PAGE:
SEDITION: WAR PRECAUTIONS WHETHER PROSECUTION LIES AGAINST CERTAIN NEWSPAPER FOR ALLEGED SEDITIOUS ARTICLE
WAR PRECAUTIONS ACT 1914, s. 6: WAR PRECAUTIONS REGULATIONS 1915, reg. 28
Mr McGrath, M.P., has drawn the attention of the Minister for Defence to the following passage in a leading article in the Argus of 23 November, relating to a judgment of Mr Justice Heydon in the Industrial Court of New South Wales:
Mr Justice Heydon has reached the conclusion that his rule that the labourer's wage should go up and down with the Commonwealth Statistician's tables on the purchasing power of the sovereign is altogether unsound, because the times are 'no longer normal'. The labourer's living wage, according to this rule, would today be £5 3s Od a week. Increases cannot go on forever at this rate. The rate of increase, if continued by the Industrial Court, would give the labourer a living wage of about £10 8s Od by the end of 1917; and about £20 18s Od by the end of 1919. In 1913 it was only £2 8s Od. Mr Justice Heydon has been forced into a 'slowing down' policy with respect to increases. He is utterly mystified by the facts; they are 'past his provision'. In his perplexity he directs the Government's attention to the circumstances, presumably with a view to investigation. It seems to have escaped the learned Judge's notice that the Commonwealth's having 'watered' the currency by the excessive issue of notes has reduced the value of money and disturbed the balance between the amount of available money and the quantity of available commodities. This has caused a marked inflation of prices. In addition we have had a drought; and in addition, too, every time a wage has been increased it has increased the cost of living.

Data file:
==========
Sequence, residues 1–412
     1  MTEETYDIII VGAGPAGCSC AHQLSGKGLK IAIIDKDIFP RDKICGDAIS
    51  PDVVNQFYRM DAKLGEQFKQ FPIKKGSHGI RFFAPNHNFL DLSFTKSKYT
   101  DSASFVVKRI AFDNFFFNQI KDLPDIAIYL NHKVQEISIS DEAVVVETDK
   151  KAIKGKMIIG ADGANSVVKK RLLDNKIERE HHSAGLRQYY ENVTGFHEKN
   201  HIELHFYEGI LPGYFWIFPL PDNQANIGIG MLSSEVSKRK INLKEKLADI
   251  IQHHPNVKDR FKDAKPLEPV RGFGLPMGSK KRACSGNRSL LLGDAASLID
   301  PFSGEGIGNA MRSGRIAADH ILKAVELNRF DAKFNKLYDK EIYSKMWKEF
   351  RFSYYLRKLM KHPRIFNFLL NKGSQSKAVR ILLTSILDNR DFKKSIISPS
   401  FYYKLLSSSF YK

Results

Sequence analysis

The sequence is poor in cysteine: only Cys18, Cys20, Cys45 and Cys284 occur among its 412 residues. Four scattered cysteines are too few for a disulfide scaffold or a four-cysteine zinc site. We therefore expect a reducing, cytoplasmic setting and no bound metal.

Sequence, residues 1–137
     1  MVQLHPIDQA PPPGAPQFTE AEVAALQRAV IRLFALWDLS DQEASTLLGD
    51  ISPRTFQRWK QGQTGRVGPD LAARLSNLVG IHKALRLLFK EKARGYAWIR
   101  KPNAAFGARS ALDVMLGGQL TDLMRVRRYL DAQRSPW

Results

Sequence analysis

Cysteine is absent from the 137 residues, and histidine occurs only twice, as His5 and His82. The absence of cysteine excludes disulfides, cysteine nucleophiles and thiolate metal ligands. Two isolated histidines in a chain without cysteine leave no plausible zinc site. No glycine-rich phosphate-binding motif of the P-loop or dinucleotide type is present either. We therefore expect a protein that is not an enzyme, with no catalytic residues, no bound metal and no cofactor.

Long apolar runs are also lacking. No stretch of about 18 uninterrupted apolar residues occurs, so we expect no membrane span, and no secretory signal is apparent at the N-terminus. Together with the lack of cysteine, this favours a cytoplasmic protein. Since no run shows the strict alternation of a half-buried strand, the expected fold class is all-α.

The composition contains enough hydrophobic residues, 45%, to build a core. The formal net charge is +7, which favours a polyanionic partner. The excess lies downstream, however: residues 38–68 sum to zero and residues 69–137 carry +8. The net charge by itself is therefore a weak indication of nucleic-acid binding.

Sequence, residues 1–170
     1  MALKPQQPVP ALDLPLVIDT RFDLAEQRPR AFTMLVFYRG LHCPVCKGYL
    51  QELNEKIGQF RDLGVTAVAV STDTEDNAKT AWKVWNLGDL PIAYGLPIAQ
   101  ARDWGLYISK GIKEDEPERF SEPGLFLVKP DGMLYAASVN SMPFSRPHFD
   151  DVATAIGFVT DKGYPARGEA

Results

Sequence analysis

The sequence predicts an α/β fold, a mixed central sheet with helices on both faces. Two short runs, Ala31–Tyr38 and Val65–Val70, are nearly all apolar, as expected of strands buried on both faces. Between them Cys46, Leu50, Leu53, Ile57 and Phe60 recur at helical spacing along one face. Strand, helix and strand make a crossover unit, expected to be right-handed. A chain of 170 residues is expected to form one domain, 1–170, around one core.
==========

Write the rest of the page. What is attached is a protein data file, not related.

Mr McGrath suggests the prosecution of the Argus, under the War Precautions Act, for disloyal and seditious utterances.
The Minister for Defence has referred the matter to me for advice.
I do not think that there is ground for a prosecution. It is true that ill-informed criticism of legislative measures may indirectly do much harm; but such criticism as this does not constitute the offence of seditious utterance, nor can it be said to be directly calculated to discourage recruiting.
[Vol. 14, p. 176]
- This opinion is unsigned in Opinion Book, but it is attributed to Mr.Hughes.